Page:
Despite the heavy emotion I absolutely did not want to miss the rest of the day. And thank goodness I went back in. Because the next session was about menstruation.

Yep, we had an entire hour learning about periods! It was life-changing, empowering, and uplifting. We learned about what happens to our bodies throughout the cycle, how that affects our moods, and how best to make the most of each part of the cycle in a positive way. It was fascinating, and useful, and amazing.

I also got chatting to a couple more people in the audience and started to feel a little less fragile.

The final session was about love. It was funny, moving, and life-affirming. We heard from a poet, a journalist, and editor specialising in love research.

It reminded me of how lucky I am to have Raj, and also confirmed how well we have done with the work we put into our relationship.

All in all it was an amazing day. I had some unexpected reactions, but that is more to do with me personally than the day itself. The tears, the emotion … it was all a release, an unblocking of things buried, forgotten or not dealt with. The day reached in and allowed me to feel differently, and for that I’m so thankful.

I am a little disappointed in myself for not being a social butterfly and making lots of new friends. But, I think the universe needed me to concentrate on the content and what it meant for me. The friendships can be saved for another day.

So, on that note, here are some of the things I learned from Superlatively Rude Live …

Superlatively Rude Live

25 Things I Learned From The Un-Conference

1. Being yourself and who you really are encourages others to be themselves

2. There’s an epidemic of comparison with the rise of social media, and advances of technology. With social media we take so much at face value yet everyday people are ‘curating’ content on social media. Unfortunately many of us are quick to try and pigeon hole people rather than realising that this curated content is a version of their lives not necessarily the truth, or the whole truth (I wrote something similar here).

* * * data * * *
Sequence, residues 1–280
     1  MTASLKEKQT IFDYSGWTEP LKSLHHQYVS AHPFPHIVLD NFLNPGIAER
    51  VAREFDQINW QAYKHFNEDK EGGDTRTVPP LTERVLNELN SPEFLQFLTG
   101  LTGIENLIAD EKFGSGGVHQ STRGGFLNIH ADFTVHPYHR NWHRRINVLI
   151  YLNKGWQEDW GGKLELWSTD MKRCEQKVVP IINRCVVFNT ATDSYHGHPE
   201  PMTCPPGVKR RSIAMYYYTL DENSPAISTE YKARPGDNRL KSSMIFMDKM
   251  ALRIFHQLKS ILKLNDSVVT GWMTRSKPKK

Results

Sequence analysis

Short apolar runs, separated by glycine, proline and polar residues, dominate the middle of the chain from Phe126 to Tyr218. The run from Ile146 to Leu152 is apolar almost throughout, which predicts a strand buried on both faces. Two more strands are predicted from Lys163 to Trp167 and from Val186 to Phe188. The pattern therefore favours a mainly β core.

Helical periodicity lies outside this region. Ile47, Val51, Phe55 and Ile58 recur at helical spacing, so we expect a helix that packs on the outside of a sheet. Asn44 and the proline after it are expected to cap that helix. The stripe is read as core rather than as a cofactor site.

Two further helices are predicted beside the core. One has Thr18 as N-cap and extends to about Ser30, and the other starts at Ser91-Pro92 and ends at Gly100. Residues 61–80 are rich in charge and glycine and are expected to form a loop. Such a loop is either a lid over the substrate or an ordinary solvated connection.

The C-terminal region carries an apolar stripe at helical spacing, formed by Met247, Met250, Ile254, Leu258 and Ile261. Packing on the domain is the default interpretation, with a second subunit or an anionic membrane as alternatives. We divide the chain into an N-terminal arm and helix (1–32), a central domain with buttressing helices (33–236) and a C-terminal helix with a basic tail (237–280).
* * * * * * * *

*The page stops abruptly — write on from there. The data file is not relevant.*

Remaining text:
3. There are a number of ways to compare yourself – money, career, body shape, weight, hair, friendships, families, etc. Consider what that comparison is trying to teach you, and how can you work with it to move forward.

4. If something is important to you, keep it in your heart and protect it. Don’t let anything near it, or detract you from it.

5. Unfollow things that don’t make you feel good. Be active and discerning about the content you follow and where you get your news.

6. Become less ‘them’ and more ‘you’. Be the master of your own fate.

7. Wherever you are from, you are never just one thing.

8. We absorb expectation that are inherent in the culture we’re exposed to. But you don’t need to subscribe to expectation if they are not who you are.

9. It’s sad that it’s considered brave to be yourself.

10. Being an ‘other’ can be a strength. You have a birds eye view of both cultures that you inhabit.

11. Being an inclusive feminist is about being able to examine your own privilege and being empowered to learn.

12. Feminism is, and should be, for everyone. You need to have empathy for women who are the same and different to you. Make room for other women.

13. Allow yourself to let go of anything that doesn’t serve you.

14. Having an awareness of your menstrual cycle is empowering. Work with your body and the different ’season’s throughout the month to be the most kind, and effective person you can be. This way your energy can be sustained throughout the cycle.

15. For instance, in your inner winter it’s a time to get clarity and direction for the next cycle. In the inner spring you can connect with the playful side of you. The inner summer is the powerful superwoman phase, time to being projects to life, and the inner autumn is the time for doing deeper creative work within yourself.

16. When you feel good, you do good work.

17. Tips on how to maintain love (and that includes all kinds of relationships – romance, friendships, family, peers) include:

18. Bring new conversations into the relationship

19. Balance intimacy and individuality

20. Pay attention to the moments when you’re irritated (that tells you what you’re afraid of or what’s actually bothering you deep down)